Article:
A government official has assured the indigenous Sengwer community that they will not be harmed in an ongoing operation to smoke out bandits in Embobut forest.
Marakwet East deputy county commissioner Stephen Sangolo said police are only targeting armed criminals suspected to behind banditry attacks that left at least four people dead on the Elgeyo Marakwet-West Pokot border.
Sangolo’s assurance comes amid claims that police are slaughtering sheep belonging to Sengwer during the operation.
He declined to comment on the accusations of livestock theft levelled against the police.
Members of the Sengwer community criticised the operation, terming it a move to forcibly evict the community.
At least 500 police officers, including the General Service Unit, Administration Police, Anti-Stock Theft Unit and regular police were deployed in the area ahead of the operation, which started last month.
In a statement read by Sengwer community youth representative Philemon Cheptorus in Iten on Monday, the community claimed the state has labelled the community “bandits” as an excuse to forcibly evict its members.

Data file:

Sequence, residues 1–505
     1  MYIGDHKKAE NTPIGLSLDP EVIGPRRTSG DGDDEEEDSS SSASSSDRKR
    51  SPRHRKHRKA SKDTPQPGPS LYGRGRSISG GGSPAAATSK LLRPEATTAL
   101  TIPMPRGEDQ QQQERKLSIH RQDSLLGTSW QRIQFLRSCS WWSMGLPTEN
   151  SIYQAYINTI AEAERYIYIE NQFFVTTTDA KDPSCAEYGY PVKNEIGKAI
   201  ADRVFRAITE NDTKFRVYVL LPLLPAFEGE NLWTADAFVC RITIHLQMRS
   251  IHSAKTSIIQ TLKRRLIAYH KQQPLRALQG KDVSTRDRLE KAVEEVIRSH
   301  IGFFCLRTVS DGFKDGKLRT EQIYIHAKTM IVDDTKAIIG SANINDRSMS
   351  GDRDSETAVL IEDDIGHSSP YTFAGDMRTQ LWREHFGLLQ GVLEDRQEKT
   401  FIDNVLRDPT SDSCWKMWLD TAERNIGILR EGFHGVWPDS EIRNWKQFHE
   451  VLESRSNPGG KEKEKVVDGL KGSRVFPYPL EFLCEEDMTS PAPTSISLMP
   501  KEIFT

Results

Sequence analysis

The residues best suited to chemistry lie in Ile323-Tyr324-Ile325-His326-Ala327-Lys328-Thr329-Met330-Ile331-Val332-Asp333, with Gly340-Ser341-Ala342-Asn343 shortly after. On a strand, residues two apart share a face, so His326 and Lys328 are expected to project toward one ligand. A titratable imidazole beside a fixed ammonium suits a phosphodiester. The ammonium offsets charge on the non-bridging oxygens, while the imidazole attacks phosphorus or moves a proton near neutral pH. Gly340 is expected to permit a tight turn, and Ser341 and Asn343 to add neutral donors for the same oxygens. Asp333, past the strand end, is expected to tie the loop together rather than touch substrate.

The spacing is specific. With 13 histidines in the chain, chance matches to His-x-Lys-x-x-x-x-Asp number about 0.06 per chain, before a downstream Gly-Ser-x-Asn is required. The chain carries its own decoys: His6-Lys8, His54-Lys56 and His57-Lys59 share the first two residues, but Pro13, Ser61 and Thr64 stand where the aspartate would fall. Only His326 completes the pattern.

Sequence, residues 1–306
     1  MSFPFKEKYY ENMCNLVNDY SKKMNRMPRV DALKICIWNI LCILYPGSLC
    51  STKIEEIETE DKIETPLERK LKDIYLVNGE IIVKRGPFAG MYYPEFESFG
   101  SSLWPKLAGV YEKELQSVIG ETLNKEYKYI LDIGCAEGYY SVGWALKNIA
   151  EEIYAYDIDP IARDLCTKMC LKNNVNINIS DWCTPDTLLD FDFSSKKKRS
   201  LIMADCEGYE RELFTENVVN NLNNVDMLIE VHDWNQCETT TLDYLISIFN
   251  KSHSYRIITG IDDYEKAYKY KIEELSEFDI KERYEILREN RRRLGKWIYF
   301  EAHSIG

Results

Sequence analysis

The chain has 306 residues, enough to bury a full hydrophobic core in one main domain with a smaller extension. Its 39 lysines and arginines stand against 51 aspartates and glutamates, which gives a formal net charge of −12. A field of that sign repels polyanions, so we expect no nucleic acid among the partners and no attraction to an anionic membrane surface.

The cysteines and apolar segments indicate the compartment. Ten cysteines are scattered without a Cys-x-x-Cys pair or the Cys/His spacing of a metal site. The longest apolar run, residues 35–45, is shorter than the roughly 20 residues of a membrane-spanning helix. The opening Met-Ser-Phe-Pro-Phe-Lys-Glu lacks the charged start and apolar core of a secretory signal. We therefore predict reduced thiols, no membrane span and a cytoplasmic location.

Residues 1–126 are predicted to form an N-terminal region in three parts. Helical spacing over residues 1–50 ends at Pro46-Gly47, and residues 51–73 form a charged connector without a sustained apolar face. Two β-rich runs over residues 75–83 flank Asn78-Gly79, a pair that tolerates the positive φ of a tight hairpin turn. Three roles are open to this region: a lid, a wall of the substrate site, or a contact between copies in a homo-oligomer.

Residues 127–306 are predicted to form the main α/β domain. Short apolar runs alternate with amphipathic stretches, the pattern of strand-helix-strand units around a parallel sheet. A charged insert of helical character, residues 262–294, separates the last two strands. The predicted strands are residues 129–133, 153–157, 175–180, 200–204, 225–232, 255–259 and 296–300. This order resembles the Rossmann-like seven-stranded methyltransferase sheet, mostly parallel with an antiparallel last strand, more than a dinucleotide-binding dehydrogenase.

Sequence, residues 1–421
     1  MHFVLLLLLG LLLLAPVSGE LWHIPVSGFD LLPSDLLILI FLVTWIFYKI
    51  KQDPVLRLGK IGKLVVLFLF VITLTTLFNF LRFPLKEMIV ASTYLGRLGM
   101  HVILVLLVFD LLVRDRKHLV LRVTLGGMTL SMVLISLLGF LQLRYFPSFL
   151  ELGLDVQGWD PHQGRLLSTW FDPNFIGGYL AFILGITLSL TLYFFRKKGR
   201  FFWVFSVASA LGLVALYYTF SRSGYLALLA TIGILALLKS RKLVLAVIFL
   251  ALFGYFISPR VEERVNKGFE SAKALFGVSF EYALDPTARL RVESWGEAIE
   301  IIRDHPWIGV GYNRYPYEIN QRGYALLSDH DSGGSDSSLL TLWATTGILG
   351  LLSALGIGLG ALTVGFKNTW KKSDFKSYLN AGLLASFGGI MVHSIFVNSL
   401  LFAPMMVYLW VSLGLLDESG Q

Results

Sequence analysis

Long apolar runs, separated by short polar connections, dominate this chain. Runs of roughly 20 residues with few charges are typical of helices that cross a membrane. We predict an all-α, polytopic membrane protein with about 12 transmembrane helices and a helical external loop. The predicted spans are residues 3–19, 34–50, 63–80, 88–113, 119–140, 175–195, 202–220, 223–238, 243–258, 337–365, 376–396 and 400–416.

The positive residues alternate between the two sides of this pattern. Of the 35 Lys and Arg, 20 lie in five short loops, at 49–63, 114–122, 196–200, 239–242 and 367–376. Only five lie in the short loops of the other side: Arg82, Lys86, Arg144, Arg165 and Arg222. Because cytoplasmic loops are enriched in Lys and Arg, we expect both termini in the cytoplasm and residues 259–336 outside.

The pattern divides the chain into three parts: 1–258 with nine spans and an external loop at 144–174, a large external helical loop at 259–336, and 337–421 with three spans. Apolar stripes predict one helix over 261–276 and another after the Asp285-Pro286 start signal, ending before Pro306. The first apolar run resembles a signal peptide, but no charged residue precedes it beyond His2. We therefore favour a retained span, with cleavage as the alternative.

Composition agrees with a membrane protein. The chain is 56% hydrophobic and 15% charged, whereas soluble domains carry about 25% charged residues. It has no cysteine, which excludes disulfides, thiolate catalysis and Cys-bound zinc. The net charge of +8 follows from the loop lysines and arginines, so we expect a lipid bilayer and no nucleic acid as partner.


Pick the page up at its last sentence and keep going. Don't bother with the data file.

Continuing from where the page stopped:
“They [security forces] have confiscated livestock and slaughtered some of them, while executing the worst violation of human rights,” the statement read.
Cheptorus accused the police of slaughtering three sheep belonging to two Sengwer herders. He said the state operation is being carried out in glades occupied by the indigenous community, including Kapkok, Chepkundul, Kaptirbai and Koropkwen.
“We are calling for the operation to stop with immediate effect. We will call for peaceful demonstrations to advocate our rights if the government fails to act,” the statement read.
The community called on the UN’s special rapporteur on indigenous people, KNCHR, NCHRD and Amnesty International to intervene and save the community from human rights violations.
Members of the indigenous community spoke during the launch of an interim report by the National Coalition of Human Rights Defenders on the situation of rights of women living in the forest.
North Rift KFS commandant Daniel Rono said the service received an intelligence report that the Sengwer were arming themselves to fight security agencies.
Sengwer women leaders Mary Komen appealed to the state to suspend the operation, saying women and children are sleeping in the cold for fear of harassment by security forces.
Embobut MCA Paul Kipyatich told security agencies to conduct the operation in a humane manner.
Kipyatich said he was aware of the livestock theft and told security bosses to compensate the affected herders.